Ian Curtis

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For other uses, see Ian Curtis (disambiguation). Ian Curtis_sentence_0

Ian Curtis_table_infobox_0

Ian CurtisIan Curtis_header_cell_0_0_0
Background informationIan Curtis_header_cell_0_1_0
Birth nameIan Curtis_header_cell_0_2_0 Ian Kevin CurtisIan Curtis_cell_0_2_1
BornIan Curtis_header_cell_0_3_0 (1956-07-15)15 July 1956

Stretford, Lancashire, EnglandIan Curtis_cell_0_3_1

DiedIan Curtis_header_cell_0_4_0 18 May 1980(1980-05-18) (aged 23)

Macclesfield, Cheshire, EnglandIan Curtis_cell_0_4_1

GenresIan Curtis_header_cell_0_5_0 Ian Curtis_cell_0_5_1
Occupation(s)Ian Curtis_header_cell_0_6_0 Ian Curtis_cell_0_6_1
InstrumentsIan Curtis_header_cell_0_7_0 Ian Curtis_cell_0_7_1
Years activeIan Curtis_header_cell_0_8_0 1976–1980Ian Curtis_cell_0_8_1
LabelsIan Curtis_header_cell_0_9_0 FactoryIan Curtis_cell_0_9_1
Associated actsIan Curtis_header_cell_0_10_0 Joy DivisionIan Curtis_cell_0_10_1
WebsiteIan Curtis_header_cell_0_11_0 Ian Curtis_cell_0_11_1

Ian Kevin Curtis (15 July 1956 – 18 May 1980) was an English singer-songwriter and musician. Ian Curtis_sentence_1

He was the lead singer and lyricist of the post-punk band Joy Division and recorded two albums with the group: Unknown Pleasures (1979) and Closer (1980). Ian Curtis_sentence_2

Curtis was known for his bass-baritone voice, dance style and songwriting typically filled with imagery of desolation, emptiness and alienation. Ian Curtis_sentence_3

Curtis suffered from epilepsy and depression and took his own life on the eve of Joy Division's first North American tour and shortly before the release of Closer. Ian Curtis_sentence_4

His death led to the band's dissolution and the subsequent formation of New Order. Ian Curtis_sentence_5

Despite their short career, Joy Division have exerted a wide-reaching influence. Ian Curtis_sentence_6

John Bush of AllMusic argues that they "became the first band in the post-punk movement by ... emphasizing not anger and energy but mood and expression, pointing ahead to the rise of melancholy alternative music in the '80s". Ian Curtis_sentence_7

According to critic Simon Reynolds, Joy Division's influence has extended from contemporaries such as U2 and the Cure to later acts including Interpol, Bloc Party and Editors. Ian Curtis_sentence_8

Rap artists such as Danny Brown and Vince Staples have cited the band as an influence. Ian Curtis_sentence_9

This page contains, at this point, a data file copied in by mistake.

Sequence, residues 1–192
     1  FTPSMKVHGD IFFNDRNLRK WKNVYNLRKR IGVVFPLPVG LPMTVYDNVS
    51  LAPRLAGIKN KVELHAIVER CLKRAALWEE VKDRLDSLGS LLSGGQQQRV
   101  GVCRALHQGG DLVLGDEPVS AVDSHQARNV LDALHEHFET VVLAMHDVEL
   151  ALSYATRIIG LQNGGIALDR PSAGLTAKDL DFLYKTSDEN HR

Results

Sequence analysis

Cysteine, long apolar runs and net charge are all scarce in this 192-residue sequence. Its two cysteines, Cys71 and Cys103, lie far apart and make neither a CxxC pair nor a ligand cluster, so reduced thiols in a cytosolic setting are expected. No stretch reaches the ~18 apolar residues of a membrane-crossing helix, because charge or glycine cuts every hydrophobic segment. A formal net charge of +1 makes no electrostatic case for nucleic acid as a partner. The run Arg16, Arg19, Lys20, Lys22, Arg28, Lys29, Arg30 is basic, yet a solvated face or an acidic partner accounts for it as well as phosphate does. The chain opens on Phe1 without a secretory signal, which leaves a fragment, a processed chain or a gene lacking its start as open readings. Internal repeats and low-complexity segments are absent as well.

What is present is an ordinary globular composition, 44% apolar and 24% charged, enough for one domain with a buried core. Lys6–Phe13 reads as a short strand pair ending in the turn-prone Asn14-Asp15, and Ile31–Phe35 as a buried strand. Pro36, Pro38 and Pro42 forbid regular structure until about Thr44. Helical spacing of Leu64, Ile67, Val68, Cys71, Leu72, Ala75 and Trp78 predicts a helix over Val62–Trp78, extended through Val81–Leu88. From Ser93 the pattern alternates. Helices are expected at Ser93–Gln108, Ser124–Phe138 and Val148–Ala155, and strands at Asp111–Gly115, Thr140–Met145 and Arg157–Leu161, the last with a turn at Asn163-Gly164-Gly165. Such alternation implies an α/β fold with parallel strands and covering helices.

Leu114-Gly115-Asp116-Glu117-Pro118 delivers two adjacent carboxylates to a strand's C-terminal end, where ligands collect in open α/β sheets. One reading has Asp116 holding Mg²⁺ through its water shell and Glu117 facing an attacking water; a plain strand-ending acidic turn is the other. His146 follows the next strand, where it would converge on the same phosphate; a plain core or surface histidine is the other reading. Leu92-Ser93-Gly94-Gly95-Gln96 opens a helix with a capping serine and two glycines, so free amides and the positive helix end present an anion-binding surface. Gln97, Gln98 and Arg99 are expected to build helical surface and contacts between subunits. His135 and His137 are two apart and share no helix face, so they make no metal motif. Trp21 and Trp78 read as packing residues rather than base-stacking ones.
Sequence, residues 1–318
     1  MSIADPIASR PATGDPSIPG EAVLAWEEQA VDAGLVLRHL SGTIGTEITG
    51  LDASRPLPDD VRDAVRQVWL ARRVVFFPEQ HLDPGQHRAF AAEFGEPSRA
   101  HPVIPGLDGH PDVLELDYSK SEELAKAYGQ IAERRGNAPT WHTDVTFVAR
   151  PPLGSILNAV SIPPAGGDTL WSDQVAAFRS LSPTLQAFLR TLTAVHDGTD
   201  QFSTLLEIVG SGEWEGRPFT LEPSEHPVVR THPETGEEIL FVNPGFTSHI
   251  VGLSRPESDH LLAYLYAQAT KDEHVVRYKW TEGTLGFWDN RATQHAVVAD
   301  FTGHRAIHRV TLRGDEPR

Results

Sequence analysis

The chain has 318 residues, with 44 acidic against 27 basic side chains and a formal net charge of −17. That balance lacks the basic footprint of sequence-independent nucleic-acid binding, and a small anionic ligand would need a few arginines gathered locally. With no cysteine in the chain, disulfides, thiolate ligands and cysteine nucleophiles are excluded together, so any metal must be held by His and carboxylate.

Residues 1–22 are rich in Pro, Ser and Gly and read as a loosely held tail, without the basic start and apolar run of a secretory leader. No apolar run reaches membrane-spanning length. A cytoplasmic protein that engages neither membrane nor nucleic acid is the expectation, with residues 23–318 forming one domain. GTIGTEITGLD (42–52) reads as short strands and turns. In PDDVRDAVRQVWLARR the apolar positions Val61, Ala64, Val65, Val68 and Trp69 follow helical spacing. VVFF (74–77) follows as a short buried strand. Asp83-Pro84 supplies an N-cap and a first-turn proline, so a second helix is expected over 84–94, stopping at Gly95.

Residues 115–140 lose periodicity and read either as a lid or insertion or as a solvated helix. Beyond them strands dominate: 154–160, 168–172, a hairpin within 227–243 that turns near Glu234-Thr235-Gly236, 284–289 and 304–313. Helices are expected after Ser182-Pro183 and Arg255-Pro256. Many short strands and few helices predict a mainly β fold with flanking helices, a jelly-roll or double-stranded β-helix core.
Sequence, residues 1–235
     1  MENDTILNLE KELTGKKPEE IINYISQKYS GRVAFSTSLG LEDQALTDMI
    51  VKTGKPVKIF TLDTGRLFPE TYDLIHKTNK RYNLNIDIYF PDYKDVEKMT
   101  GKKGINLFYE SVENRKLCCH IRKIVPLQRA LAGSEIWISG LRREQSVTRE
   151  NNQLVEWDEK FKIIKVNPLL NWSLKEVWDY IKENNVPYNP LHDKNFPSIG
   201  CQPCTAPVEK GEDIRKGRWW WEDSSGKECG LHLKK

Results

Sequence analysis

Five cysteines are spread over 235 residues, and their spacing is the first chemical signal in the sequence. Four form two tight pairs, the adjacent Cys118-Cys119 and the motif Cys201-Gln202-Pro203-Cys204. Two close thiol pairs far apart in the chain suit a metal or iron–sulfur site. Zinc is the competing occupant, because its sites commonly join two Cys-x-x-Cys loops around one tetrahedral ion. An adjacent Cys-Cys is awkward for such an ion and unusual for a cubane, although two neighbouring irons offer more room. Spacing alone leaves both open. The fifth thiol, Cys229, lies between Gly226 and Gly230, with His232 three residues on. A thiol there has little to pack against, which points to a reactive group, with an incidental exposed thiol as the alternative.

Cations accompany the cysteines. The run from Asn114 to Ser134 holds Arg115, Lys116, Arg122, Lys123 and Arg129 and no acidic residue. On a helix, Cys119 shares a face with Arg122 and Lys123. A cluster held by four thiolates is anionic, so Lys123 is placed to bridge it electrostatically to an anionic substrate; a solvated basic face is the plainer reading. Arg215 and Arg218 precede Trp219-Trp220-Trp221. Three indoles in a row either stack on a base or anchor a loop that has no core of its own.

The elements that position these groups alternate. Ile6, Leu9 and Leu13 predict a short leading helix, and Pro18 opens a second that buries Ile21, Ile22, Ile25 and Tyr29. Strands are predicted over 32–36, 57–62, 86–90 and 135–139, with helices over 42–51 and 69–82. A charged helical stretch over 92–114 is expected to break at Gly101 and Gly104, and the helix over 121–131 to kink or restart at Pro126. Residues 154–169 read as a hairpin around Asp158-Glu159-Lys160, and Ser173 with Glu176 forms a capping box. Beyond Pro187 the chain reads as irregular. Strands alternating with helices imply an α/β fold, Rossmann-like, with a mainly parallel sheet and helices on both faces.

Early life Ian Curtis_section_0

Curtis was born on 15 July 1956, at the Memorial Hospital in Stretford, Lancashire, and grew up in a working-class household in Macclesfield, Cheshire. Ian Curtis_sentence_10

He was the first of two children born to Kevin and Doreen Curtis. Ian Curtis_sentence_11

From an early age, Curtis was a bookish and intelligent child, displaying a particular flair for poetry. Ian Curtis_sentence_12

He was awarded a scholarship at the age of 11 at Macclesfield's independent King's School. Ian Curtis_sentence_13

Here, he developed his interests in philosophy, literature and eminent poets such as Thom Gunn. Ian Curtis_sentence_14

While at King's School, he was awarded several scholastic awards in recognition of his abilities, particularly at the ages of 15 and 16. Ian Curtis_sentence_15

The year after Curtis had graduated from King's School, the family purchased a house from a relative and moved to New Moston. Ian Curtis_sentence_16

As a teenager, Curtis chose to perform social service by visiting the elderly as part of a school programme. Ian Curtis_sentence_17

While visiting, he and his friends would steal any prescription drugs that they found and later take them together as a group. Ian Curtis_sentence_18

On one occasion when he was 16, after consuming a large dosage of Largactil he and his friends had stolen, Curtis was discovered unconscious in his bedroom by his father and was taken to hospital to have his stomach pumped. Ian Curtis_sentence_19

Curtis had held a keen interest in music since the age of 12, and this interest developed greatly in his teenage years, with artists such as Jim Morrison and David Bowie being particular favourites of his, and thus influencing his poetry and art. Ian Curtis_sentence_20

Curtis could seldom afford to purchase records, leading him to frequently steal them from local shops. Ian Curtis_sentence_21

By his mid-teens, Curtis had also developed a reputation among his peers as a strong-willed individual, with a keen interest in fashion. Ian Curtis_sentence_22

Despite gaining nine O-levels at King's School and briefly studying A-Levels in History and Divinity at St. John's College, Curtis soon became disenchanted with academic life and abandoned his studies to commit himself to finding employment. Ian Curtis_sentence_23

Despite abandoning his studies at St. John's College, Curtis continued to focus on the pursuit of art, literature and music, and would gradually draw lyrical and conceptual inspiration from ever more insidious subjects. Ian Curtis_sentence_24

Curtis obtained a job at a record shop in Manchester City Centre, before obtaining more stable employment within the civil service. Ian Curtis_sentence_25

His employment as a civil servant saw Curtis initially deployed to Cheadle Hulme, where he worked for several months with the Ministry of Defence, before he was offered alternate employment within the Manpower Services Commission in a building at Piccadilly Gardens. Ian Curtis_sentence_26

He later worked as a civil servant in Woodford, Greater Manchester although, at his request, approximately one year later Curtis was posted to Macclesfield's Employment Exchange, where he worked as an Assistant Disablement Resettlement Officer. Ian Curtis_sentence_27

On 23 August 1975, Curtis married Deborah Woodruff, to whom he was introduced by a friend, Tony Nuttall. Ian Curtis_sentence_28

Ian and Deborah initially became friends and then began dating in December 1972, when both were 16 years old. Ian Curtis_sentence_29